• Rachael Panteney

Negative Interest Rates - What does that mean for Savers?

There a has been a lot of talk in the press recently about the possibility of negative interest rates.

If you are a saver, what does this mean to you?

As of todays date, the Bank of England Base rate is at it’s historic low of 0.1%

If the rate moves into a negative figure, then commercial banks will need to pay the Bank of England to hold the cash reserves with them.

In effect, instead of being paid interest, they will have to pay it out.

If this happens it is likely the banks will in turn pass this onto the retail market – that is you and I.

The prospect of negative rates will come as a further blow to UK savers, who have already has years of low interest rates, and could soon see their savings eroded even further.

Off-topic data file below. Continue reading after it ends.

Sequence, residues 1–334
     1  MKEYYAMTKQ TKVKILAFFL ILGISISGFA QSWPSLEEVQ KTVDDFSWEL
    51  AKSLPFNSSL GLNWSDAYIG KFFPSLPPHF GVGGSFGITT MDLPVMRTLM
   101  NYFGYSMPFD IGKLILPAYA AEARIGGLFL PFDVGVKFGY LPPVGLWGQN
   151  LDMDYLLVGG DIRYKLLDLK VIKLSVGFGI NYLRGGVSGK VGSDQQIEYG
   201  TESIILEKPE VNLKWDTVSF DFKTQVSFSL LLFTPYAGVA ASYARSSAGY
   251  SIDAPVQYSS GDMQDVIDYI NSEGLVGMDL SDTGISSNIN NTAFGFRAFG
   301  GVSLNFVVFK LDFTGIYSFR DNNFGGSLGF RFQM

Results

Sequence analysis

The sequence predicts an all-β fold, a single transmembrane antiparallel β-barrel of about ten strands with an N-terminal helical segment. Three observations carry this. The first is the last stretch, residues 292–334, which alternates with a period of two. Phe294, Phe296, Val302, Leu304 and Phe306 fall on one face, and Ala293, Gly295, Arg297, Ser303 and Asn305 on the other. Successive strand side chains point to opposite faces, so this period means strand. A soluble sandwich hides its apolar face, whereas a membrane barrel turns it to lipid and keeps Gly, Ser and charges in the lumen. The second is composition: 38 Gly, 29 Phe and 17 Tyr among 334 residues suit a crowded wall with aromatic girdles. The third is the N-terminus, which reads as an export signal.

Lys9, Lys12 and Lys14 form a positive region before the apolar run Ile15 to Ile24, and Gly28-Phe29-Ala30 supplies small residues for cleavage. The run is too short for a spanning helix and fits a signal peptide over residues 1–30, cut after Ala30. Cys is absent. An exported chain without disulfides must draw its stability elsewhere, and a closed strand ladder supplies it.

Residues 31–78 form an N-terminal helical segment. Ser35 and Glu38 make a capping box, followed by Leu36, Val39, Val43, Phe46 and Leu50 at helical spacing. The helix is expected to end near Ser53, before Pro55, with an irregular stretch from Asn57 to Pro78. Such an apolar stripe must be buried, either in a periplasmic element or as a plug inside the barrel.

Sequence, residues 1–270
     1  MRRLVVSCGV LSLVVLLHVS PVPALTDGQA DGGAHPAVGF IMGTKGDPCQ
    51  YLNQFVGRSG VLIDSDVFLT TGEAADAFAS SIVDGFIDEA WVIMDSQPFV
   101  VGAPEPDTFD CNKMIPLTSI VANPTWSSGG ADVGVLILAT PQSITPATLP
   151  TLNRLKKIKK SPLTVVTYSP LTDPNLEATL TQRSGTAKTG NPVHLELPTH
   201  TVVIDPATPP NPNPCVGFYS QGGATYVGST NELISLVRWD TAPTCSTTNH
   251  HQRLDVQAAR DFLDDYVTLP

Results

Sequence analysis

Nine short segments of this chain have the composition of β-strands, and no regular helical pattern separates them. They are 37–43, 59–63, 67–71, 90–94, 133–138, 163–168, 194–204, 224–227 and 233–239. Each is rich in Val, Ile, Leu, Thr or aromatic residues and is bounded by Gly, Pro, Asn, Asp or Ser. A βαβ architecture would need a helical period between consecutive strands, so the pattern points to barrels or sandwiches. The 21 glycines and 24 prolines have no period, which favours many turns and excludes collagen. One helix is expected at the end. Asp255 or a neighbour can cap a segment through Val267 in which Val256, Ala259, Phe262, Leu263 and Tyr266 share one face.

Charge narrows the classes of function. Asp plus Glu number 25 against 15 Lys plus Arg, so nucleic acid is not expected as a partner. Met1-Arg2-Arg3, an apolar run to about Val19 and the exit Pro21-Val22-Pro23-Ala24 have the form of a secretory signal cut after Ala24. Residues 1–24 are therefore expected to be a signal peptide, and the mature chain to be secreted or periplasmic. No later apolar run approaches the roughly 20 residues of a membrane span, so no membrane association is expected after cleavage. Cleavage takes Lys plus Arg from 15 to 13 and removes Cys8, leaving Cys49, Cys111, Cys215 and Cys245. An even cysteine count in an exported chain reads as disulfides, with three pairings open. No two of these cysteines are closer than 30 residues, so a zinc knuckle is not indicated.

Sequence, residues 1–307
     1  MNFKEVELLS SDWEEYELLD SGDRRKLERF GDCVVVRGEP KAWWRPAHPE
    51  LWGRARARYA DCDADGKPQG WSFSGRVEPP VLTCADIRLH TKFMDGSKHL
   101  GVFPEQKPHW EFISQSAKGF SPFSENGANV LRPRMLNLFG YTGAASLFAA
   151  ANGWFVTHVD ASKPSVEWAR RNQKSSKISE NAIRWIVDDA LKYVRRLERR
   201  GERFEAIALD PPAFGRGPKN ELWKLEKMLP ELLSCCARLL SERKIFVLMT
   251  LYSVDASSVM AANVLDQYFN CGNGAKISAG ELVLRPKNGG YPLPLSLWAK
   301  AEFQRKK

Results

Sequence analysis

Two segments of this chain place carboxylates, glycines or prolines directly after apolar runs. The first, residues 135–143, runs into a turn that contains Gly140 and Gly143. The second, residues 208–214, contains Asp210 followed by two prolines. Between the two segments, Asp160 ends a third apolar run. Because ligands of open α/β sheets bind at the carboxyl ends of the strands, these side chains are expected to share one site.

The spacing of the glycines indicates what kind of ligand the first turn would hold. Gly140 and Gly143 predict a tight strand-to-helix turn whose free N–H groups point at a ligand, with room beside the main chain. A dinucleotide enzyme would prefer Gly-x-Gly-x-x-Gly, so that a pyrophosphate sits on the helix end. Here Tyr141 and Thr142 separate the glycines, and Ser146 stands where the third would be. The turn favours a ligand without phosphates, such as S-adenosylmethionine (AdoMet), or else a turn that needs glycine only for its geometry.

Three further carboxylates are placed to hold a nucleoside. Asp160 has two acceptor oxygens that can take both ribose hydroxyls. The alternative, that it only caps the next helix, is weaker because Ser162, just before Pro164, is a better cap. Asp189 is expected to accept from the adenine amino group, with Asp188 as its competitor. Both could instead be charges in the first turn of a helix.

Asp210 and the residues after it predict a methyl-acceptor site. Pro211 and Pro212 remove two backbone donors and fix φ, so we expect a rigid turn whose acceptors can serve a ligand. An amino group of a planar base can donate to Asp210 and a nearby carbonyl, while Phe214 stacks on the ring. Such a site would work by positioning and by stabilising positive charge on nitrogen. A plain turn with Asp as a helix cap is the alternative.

While High Street banks pay everyday savers under 1% already, (figures taken from Money Supermarket) these changes, actually penalising savers for holding their money would be unprecedented.

So why would a central bank impose negative rates? The theory is that if savers are charged to save money, they will spend rather than save. In turn, encouraging more economic activity and growth.

In practice, it’s not at all clear that this is what happens. Indeed, some argue that negative rates have the opposite effect. For example, rather than spend money, savers might just save even harder to compensate.

Whatever the Bank of England decides to do with central bank rates, you should always shop around for the best possible home for your savings.

You should also consider why you save – if it is for a specific goal it is important to not lose sight of that.



I cannot stress this enough. In these troubled times emergency savings are absolutely essential.

Remember, we are here to help so please get in touch if you want to talk.

Contact us or call Rachael on 01323 436680 and book a FREE initial consultation today.

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